I believe that undergraduate students can benefit intellectually and personally from reading theory. Theory need not be an end in itself. Rather, a practically oriented critique allows theory and practice to mutually clarify and enliven one another.

In Defense of Theory – by Julia H. Chang - The Chronicle of Higher Education

I think we have a common cause here, but I also think theory can be an end in itself. There is value in reading even difficult writing for its own sake, and in asking students to read together. Difficult writing not only invites teaching about the context that has made it so difficult (i.e. gender performativity, the jargon of philosophy, and how credibility accrues in academic disciplines), but it also invites readers to experience struggle, failure, and reading without the comfort of identification/relatability. For some students (yes, even undergraduates), such an encounter with theory can be life-altering. I wouldn’t reduce the sounding of that call to enhancing whatever we ultimately mean when we distinguish theory from “practice.”

Tuesday, September 9, 2014

Yes, I am listening

One knows not where one is going, where each step of each written word will take one, but one writes, one takes the step beyond, in an attitude, one might say, of gratitude, friendship, and ultimate hospitality. That is, writing is basically, originarily even, just a response: a “yes.” A “yes, I am listening.” A double yes, indeed. “Yes, yes.” It is a welcoming gesture, even if nothing is said. 

From what I’m reading: Michelle Ballif’s “Writing the Event: The Impossible Possibility for Historiography” in RSQ's special issue on Untimely Historiographies, 254.

Union of Theoretical Grammarians in Cambridge. B.S. Meniscus Films, Ltd. Documentary cast; 35 mm.; 26 minutes; color; silent w/ heavy use of computerized distortion in facial close-ups. Documentary and closed-caption interviews with participants in the public Steven Pinker—Avril Incandenza debate on the political implications of prescriptive grammar during the infamous Militant Grammarians of Massachusetts convention credited with helping incite the M.I.T. language riots of B.S. 1997. UNRELEASED DUE TO LITIGATION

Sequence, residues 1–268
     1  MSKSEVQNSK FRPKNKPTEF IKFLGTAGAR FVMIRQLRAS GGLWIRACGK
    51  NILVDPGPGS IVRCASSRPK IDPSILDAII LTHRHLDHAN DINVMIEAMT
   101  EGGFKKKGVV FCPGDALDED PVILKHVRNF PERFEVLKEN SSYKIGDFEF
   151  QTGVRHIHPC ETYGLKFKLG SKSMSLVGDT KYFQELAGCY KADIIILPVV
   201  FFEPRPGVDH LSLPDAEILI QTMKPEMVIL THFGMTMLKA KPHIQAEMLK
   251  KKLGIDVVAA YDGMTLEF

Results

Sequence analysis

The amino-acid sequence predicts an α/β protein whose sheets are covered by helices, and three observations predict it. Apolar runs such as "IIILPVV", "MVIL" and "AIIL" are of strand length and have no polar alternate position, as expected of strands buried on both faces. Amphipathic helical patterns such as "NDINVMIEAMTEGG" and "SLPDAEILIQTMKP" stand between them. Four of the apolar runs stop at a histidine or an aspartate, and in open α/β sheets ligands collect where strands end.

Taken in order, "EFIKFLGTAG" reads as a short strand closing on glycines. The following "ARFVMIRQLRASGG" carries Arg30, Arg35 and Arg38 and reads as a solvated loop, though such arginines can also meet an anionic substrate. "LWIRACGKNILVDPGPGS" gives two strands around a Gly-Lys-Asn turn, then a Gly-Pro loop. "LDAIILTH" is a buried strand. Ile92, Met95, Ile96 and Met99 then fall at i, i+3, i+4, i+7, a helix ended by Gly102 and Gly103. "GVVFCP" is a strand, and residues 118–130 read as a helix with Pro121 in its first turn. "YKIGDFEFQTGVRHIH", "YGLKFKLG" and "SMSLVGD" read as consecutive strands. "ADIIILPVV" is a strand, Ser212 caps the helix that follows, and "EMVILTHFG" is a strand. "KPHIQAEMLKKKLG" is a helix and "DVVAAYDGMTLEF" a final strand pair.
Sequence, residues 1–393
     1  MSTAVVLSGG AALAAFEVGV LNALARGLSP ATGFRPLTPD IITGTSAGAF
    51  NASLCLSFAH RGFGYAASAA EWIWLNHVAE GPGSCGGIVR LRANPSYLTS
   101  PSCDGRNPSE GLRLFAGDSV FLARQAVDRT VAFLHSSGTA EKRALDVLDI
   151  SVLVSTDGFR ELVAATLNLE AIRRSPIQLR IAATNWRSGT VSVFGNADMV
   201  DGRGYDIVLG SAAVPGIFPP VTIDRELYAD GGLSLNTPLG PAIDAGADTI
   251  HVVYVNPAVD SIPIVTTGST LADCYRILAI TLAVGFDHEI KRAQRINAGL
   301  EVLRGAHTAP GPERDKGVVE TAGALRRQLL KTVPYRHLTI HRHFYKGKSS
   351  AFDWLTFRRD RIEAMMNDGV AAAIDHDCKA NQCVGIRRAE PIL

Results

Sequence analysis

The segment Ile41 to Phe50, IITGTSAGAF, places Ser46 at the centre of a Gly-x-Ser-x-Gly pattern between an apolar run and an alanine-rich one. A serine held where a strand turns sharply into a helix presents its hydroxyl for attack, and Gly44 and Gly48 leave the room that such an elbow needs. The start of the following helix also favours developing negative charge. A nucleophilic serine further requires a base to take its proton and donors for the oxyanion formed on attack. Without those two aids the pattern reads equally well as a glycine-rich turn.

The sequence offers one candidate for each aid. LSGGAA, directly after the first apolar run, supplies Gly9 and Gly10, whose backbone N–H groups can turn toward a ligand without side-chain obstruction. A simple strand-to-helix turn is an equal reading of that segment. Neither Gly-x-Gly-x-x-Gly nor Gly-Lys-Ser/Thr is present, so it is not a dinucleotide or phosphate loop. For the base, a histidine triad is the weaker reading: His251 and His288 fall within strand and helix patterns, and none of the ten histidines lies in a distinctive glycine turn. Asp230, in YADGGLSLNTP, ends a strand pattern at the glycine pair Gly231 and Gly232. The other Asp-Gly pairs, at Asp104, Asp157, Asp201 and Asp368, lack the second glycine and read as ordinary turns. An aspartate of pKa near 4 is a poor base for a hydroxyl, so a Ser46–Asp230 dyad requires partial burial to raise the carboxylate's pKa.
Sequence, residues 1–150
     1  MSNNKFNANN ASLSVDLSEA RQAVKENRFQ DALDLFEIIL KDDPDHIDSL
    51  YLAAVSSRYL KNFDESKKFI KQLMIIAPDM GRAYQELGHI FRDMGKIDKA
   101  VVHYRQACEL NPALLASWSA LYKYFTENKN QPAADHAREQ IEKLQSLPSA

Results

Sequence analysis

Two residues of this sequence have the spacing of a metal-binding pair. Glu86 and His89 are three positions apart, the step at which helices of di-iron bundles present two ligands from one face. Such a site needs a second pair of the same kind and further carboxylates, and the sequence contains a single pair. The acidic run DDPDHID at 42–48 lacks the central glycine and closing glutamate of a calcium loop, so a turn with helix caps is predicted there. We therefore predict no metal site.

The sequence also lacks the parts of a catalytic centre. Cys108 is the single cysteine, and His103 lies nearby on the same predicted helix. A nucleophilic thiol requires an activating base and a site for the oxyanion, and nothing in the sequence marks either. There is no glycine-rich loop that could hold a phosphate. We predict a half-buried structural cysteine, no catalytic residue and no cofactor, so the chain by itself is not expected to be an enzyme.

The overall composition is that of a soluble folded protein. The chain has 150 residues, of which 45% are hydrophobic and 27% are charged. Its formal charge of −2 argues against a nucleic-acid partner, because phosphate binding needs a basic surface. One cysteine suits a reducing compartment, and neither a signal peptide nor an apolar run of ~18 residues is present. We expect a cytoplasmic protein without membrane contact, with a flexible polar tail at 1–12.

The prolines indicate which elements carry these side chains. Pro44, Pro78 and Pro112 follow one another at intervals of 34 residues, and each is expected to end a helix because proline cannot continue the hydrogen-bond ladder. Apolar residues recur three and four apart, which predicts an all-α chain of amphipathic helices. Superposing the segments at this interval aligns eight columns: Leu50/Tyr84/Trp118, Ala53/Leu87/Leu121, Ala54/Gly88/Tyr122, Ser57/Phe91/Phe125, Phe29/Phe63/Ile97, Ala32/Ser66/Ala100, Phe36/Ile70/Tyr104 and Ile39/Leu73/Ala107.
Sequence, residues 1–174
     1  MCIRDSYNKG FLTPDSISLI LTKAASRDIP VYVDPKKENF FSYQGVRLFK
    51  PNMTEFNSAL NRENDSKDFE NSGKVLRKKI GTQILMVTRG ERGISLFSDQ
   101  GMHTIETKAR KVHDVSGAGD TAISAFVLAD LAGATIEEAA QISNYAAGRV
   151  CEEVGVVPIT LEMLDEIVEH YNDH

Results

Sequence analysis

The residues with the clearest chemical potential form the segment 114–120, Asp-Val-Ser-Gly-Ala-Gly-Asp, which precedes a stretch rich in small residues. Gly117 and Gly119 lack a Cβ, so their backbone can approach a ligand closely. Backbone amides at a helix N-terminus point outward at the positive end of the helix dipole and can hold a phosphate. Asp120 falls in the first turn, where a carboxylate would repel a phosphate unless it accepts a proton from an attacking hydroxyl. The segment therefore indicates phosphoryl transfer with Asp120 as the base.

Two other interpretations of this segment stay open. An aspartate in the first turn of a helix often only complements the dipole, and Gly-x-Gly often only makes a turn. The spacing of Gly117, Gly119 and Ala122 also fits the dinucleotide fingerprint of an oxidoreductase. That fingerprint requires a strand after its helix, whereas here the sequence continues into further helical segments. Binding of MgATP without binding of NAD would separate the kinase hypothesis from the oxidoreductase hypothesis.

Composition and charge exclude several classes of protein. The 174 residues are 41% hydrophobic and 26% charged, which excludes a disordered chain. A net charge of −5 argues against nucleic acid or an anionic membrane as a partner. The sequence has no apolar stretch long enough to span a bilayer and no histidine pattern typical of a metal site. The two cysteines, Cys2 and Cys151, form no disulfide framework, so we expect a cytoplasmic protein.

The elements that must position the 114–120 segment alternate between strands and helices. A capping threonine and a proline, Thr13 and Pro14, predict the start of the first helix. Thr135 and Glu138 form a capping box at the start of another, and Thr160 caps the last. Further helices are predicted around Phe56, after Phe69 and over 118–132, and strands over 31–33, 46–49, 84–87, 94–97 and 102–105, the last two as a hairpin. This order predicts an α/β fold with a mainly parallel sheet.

Chipotle put a Steven Pinker quote on my lunch bag. Never forget that even Steven Pinker is Infinite Jest.

Monday, September 8, 2014
It is one thing to speak of Nietzsche’s famous paradoxes, which have been baked into the cake of our postmodern intellectual life, and it is quite another to think of how history and historians proceed.

From “Is History Ever Timely?” by Hans Kellner in RSQ's special issue on “Untimely Historiographies.”

baked into the cake of our postmodern intellectual life

In digital spaces, trigger warnings exist in order to facilitate deep discussions about conflict, allowing writers to write very openly about experiences of mental illness, violence, rape, and other topics for both broad and narrow audiences. They are a fairly simple form of metadata that Melanie Yergeau has compared to tagging; perhaps that is why TWs are so common on blogging platforms. They don’t work to allow or encourage readers to avoid specific content–only to know ahead of time what they will be reading. Yergeau has also pointed out that as academics we “tag” our work in lots of ways for both students and colleagues, both in the classroom and out. Trigger warnings ask us to imagine what might be triggering and tag that work accordingly, and not in order for those works to be avoided.

Responding to “On Trigger Warnings and the Halberstam Affair: a Panel Discussion” | Neil F. Simpkins

Trigger warnings as metadata. Love this.